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Web Series Review: The Handmaid’s Tale

SeriesThe Handmaid’s Tale (2017)
GenreDystopian Sci-Fi Drama
LanguageEnglish
TNS Score89.33
Run-Time50-60Mins.
No. of Episodes30
No. of Seasons3
Original NetworkHulu
CastElisabeth Moss, Yvonne Strahovski & Ann Dowd
CreatorBruce Miller

Plot:

The story revolves around June, who has been separated from her family like many other women after the US government is overthrown by fascist forces, which are much more conservative and patriarchal in their conduct and notions. In this reconstructed society, the ‘law and order’ is set to benefit only a few chosen men, sitting at the high end of the command. Women can either be wives, Marthas (cooks), or Handmaids. The narrator of this story is a Handmaid, June. We see June’s wakening in the first season, her resistance is depicted in the second season and finally, her struggle to break free is shown in the third season. With a lot of drama and thrill, the narrative progresses slowly but with an accurate steadiness.

Writing:

The plot has been written very well, giving accurate background to the running story. Even though a complete work of fiction, it still gives us an idea about how things could be if all the power is given to a polarised section of conservative men. Thus, in this hypothetical description, we are able to witness the extremities of a society under such control. All the insecurities around the politics of gender have been manifested in this series, very well. Though it progresses at a slow pace, it justifies the slowness by enriching the experience of the audience and preparing them for a greater blow at the end of every season.

Direction:

The series has been rendered with a great lens and the perspective complements the overall aesthetic. A flawless work of direction can be witnessed especially at the beginning of the show when the audience is introduced to the world that is being talked about.

direction

The representation is very smooth. Such complex and extremist ideas have been depicted very well. With respect to a great cast and well-written narrative, the direction has given the series a commendable milieu. It’s almost as if we become a part of the society of Gilead.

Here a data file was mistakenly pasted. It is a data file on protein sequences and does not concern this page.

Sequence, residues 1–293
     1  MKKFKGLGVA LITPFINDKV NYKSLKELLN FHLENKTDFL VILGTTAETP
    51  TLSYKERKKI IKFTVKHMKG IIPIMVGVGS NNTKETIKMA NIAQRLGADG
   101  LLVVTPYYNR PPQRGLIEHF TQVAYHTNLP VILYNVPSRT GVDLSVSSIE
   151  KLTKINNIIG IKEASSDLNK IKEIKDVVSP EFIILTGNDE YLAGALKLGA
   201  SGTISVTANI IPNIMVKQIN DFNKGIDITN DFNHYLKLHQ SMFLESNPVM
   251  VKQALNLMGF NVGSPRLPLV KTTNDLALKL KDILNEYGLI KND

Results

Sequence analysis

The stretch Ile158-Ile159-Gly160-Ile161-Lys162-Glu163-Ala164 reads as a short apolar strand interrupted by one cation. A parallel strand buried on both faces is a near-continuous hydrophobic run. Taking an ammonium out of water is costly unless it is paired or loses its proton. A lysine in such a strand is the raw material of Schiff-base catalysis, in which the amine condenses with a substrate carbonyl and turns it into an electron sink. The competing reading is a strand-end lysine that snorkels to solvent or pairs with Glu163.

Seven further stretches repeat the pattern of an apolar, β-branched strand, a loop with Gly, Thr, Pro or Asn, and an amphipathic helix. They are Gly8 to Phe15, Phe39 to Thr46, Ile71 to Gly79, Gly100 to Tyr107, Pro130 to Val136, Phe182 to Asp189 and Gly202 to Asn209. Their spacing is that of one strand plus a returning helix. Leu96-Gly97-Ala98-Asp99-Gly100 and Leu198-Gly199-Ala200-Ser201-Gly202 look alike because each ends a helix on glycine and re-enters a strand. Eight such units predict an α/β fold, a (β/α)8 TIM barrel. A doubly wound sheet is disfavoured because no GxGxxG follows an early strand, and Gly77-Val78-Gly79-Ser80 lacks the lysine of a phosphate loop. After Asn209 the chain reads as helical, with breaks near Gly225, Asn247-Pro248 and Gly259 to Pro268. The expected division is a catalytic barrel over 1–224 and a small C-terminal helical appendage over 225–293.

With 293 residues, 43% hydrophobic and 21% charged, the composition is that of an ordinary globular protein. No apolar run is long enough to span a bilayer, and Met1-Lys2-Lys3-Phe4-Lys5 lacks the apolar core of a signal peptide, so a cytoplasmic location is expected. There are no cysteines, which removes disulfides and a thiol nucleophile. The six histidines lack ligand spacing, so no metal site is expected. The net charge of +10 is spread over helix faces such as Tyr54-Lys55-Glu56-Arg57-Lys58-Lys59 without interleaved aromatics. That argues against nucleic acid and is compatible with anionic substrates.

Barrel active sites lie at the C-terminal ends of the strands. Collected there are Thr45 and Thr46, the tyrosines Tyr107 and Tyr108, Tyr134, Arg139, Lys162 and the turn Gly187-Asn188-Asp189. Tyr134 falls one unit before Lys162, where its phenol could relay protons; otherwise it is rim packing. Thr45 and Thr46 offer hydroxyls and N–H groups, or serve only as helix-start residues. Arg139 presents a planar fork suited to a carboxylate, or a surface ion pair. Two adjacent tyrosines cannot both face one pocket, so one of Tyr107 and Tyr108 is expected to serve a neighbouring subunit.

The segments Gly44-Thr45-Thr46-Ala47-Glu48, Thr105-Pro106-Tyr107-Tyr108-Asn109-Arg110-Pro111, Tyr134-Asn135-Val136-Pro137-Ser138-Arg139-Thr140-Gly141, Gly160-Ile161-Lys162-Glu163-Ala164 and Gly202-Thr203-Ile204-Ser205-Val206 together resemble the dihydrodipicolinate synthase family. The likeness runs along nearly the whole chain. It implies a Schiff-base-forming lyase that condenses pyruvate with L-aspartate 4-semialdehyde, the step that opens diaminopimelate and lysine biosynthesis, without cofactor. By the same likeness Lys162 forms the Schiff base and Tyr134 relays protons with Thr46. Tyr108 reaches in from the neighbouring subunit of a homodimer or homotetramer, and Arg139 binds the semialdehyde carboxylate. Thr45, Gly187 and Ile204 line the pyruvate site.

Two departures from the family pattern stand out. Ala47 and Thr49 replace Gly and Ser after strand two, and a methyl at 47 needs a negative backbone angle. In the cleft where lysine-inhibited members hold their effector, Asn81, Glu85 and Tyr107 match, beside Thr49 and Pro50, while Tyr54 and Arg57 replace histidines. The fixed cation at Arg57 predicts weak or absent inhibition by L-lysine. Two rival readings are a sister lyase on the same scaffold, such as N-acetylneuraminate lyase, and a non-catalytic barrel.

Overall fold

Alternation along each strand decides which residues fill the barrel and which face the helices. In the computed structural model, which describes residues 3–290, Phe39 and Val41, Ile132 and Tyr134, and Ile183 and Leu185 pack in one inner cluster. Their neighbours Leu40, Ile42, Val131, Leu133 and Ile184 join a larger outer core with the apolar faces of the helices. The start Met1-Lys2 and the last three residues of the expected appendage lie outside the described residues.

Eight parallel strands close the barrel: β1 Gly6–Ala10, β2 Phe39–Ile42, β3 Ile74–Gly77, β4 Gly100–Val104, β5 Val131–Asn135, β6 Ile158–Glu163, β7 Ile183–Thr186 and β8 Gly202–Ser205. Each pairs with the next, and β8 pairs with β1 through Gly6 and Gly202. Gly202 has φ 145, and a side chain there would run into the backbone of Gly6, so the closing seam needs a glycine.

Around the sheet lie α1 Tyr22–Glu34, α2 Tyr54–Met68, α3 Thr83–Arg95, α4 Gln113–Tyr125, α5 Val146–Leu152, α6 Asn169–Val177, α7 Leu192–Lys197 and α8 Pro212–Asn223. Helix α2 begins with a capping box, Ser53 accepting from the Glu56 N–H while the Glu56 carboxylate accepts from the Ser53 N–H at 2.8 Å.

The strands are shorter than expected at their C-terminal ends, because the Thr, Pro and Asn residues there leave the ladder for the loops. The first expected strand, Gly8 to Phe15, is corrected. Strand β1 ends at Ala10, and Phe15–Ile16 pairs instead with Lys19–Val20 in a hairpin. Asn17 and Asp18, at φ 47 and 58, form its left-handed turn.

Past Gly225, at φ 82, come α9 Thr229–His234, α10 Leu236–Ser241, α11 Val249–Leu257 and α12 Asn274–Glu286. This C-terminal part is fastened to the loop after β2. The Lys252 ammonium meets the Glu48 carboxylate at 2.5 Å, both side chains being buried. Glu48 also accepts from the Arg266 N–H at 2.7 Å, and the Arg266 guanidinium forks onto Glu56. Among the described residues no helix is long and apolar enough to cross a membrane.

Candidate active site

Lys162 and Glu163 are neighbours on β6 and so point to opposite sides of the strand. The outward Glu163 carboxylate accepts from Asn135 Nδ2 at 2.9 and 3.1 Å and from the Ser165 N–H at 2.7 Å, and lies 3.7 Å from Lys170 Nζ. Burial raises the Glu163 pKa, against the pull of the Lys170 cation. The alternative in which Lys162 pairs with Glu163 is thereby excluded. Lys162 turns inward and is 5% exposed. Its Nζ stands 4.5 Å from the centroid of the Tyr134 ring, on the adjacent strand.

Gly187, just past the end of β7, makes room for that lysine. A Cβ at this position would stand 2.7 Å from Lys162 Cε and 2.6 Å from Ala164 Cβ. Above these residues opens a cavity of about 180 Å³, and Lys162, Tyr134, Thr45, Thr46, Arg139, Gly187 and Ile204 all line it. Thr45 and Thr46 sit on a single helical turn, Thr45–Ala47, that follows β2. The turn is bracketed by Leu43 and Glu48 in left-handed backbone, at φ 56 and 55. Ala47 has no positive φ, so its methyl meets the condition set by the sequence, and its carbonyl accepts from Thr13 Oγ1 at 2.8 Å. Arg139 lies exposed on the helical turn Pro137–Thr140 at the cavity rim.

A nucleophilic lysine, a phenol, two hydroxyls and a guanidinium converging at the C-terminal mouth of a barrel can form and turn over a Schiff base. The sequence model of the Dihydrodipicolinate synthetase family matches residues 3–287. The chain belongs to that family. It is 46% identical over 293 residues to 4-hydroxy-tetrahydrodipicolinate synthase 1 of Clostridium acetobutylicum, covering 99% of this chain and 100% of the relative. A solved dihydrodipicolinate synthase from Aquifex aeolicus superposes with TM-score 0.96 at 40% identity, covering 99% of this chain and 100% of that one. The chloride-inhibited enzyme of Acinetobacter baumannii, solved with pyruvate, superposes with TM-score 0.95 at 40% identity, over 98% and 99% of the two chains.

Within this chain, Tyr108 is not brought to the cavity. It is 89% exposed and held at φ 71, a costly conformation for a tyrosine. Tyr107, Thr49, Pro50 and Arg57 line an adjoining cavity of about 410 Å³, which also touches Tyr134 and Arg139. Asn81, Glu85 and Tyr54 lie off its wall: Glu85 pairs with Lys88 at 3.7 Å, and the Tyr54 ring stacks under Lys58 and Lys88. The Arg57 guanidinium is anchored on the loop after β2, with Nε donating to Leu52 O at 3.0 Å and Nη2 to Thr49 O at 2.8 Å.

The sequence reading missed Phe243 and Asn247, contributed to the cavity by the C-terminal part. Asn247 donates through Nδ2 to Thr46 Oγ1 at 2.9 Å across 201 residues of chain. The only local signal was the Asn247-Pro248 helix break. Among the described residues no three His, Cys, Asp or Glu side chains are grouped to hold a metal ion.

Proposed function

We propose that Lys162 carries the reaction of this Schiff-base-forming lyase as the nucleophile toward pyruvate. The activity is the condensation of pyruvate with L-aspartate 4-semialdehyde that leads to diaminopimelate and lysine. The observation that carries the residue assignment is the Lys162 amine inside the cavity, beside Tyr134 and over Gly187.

Performance:

All the characters have been played flawlessly. Elisabeth Moss’s character of June has been the charm of the series. She has done a commendable job by depicting the pathos and agony of a handmaid, who has lost her family and identity. She has done it so beautifully that one cannot help but feel the pain, she’s trying to narrate through her character.

Ann Dowd who characterizes Aunt Lydia has also done a great job in representing the ambiguity of her character as an Aunt who has to train all the handmaids. Yvonne Strahovski rightly captures the apparent coldness that layers the warmth within, the character of Serena Joy. Joseph Fiennes and Bradly Whitford, compliment their respective characters of Commander Fred and Commander Lawrence, including the prudence that defines their positions.

Conclusion:

The show is undoubtedly a complete package, with accurate drama. It’s been written well, directed well and performed upon, brilliantly. The whole cast fits aptly with their respective representations of Guardian, Eye, Handmaid, Martha, Wife, Commander and a Survivor; oppressor or the oppressed.

The show will make you imagine the extreme scenarios of the underlying ideas our reality is still overshadowed with. ‘What is the intentional fallacy, when it comes to reading religious scriptures?’ is something that the show dwells upon. For the sake of all the critical acclamations that the show has received, you cannot miss watching it!

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